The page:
Due to my catastrophic lack of knowledge of Biblical studies and Biblical history, I’m not qualified to say much about how this novel plays against the Biblical story on which it is based. Or how accurately it portrays the Biblical times in which it is set. It is one of the strengths of this book that it is very Biblical, but my own lack of Biblical background doesn’t much mar my appreciation of it. It springboards off the Biblical story of Barabbas, a prisoner who had been convicted to a death sentence, but was then acquitted in order to free up a crucifix for Jesus of Nazareth. (I think the book’s account of how this happens differs from the Biblical account, but I’ll leave that to others to discuss.) Barabbas first sees Jesus briefly when he is freed, and then he sees Jesus die on the cross. For a moment, as Jesus dies, Barabbas sees a darkness descend.

Afterward, for the rest of his life, Barabbas struggles with his relationship to this man Jesus and the strange religion that he left behind. It is, to my mind, a drama of agnosticism. Agnosticism would seem to be a difficult topic to dramatize, but the circumstances of Barabbas’ life make it vivid. He saw the darkness as Jesus died, but no other miracles, so he is doubtful of Jesus’ divinity. The circumstances of his life have been cruel, so Jesus’ message (distilled in the novel as “love one another”) is puzzling to him. He’s drawn to Jesus’ message and his followers, but can never quite understand or embrace them. And he lives in a time when the difference between wanting to believe and actually believing matters a great deal — in the course of the novel Barabbas watches as two different followers of Jesus who Barabbas has grown close with are martyred for their belief. Barabbas, because he does not believe, lives, but with guilt.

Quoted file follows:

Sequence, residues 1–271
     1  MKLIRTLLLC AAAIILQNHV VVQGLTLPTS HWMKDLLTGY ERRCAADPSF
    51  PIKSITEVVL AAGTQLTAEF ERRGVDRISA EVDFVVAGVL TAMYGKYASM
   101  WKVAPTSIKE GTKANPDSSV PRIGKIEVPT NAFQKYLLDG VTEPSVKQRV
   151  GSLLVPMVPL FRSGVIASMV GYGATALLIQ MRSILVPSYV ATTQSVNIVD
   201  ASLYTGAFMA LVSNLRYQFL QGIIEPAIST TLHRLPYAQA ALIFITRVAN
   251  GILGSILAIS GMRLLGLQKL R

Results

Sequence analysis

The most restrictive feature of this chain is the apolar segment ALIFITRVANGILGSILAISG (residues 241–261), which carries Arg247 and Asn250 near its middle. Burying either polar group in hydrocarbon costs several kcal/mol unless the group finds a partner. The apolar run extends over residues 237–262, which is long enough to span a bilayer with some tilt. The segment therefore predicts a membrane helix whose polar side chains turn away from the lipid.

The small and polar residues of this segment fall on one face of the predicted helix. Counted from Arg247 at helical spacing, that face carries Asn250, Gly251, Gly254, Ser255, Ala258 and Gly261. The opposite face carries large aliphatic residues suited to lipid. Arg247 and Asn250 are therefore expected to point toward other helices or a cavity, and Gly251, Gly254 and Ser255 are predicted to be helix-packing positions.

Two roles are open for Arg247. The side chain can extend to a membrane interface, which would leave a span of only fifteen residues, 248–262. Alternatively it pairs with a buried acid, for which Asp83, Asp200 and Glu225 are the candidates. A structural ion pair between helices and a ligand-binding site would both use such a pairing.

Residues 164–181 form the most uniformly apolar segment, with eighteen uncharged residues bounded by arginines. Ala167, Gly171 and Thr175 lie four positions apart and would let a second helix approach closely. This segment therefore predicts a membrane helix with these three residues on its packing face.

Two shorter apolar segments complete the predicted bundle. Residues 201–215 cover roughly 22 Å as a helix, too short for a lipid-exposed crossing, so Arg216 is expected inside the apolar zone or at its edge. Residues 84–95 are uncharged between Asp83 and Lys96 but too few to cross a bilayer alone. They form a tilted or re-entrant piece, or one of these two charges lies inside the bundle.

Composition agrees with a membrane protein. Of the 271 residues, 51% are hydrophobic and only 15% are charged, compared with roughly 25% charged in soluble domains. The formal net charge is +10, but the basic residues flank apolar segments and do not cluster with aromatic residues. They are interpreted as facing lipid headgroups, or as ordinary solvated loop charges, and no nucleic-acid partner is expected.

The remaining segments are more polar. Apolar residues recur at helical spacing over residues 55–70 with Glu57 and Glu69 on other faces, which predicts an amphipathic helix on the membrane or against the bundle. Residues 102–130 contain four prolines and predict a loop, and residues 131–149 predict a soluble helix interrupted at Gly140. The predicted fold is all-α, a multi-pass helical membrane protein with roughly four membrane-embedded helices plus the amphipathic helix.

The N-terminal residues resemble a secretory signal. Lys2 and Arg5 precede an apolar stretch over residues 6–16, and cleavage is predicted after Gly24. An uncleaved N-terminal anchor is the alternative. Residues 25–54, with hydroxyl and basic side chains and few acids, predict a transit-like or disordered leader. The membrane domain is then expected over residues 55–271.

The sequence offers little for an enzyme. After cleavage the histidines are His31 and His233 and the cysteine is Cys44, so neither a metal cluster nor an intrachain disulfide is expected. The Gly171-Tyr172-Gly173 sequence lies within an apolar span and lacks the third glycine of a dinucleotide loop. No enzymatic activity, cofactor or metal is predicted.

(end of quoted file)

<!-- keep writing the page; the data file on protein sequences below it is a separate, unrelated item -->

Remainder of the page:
The novel is short and written in starkly simple language, but it raises a great number of complicated questions and troubling feelings. You should read it.

It contains things like this:

–And you? Do you also believe in this loving god?
Barabbas made no reply.
–Tell me. Do you?
Barabbas shook his head.
–You don’t? Why do you bear his name on your disk then?
Barabbas was silent as before.
–Is he not your god? Isn’t that what the inscription means?
–I have no god, Barabbas answered at last, so softly that it could barely be heard. But Sahak and the Roman both heard it. And Sahak gave him a look so full of despair, pain and amazement at his incredible words that Barabbas felt it pass right through him, right into his inmost being, even though he did not meet the other’s eyes.
The Roman too was surprised.
–But I don’t understand, he said. Why then do you bear this “Christos Iesus” carved on your disk?
–Because I want to believe, Barabbas said, without looking up at either of them.

Barabbas was published in 1950. Lagerkvist won the Nobel Prize for Literature in 1951.

See this on Lagerkvist’s The Dwarf. See also the Instant Librarian on Barabbas.

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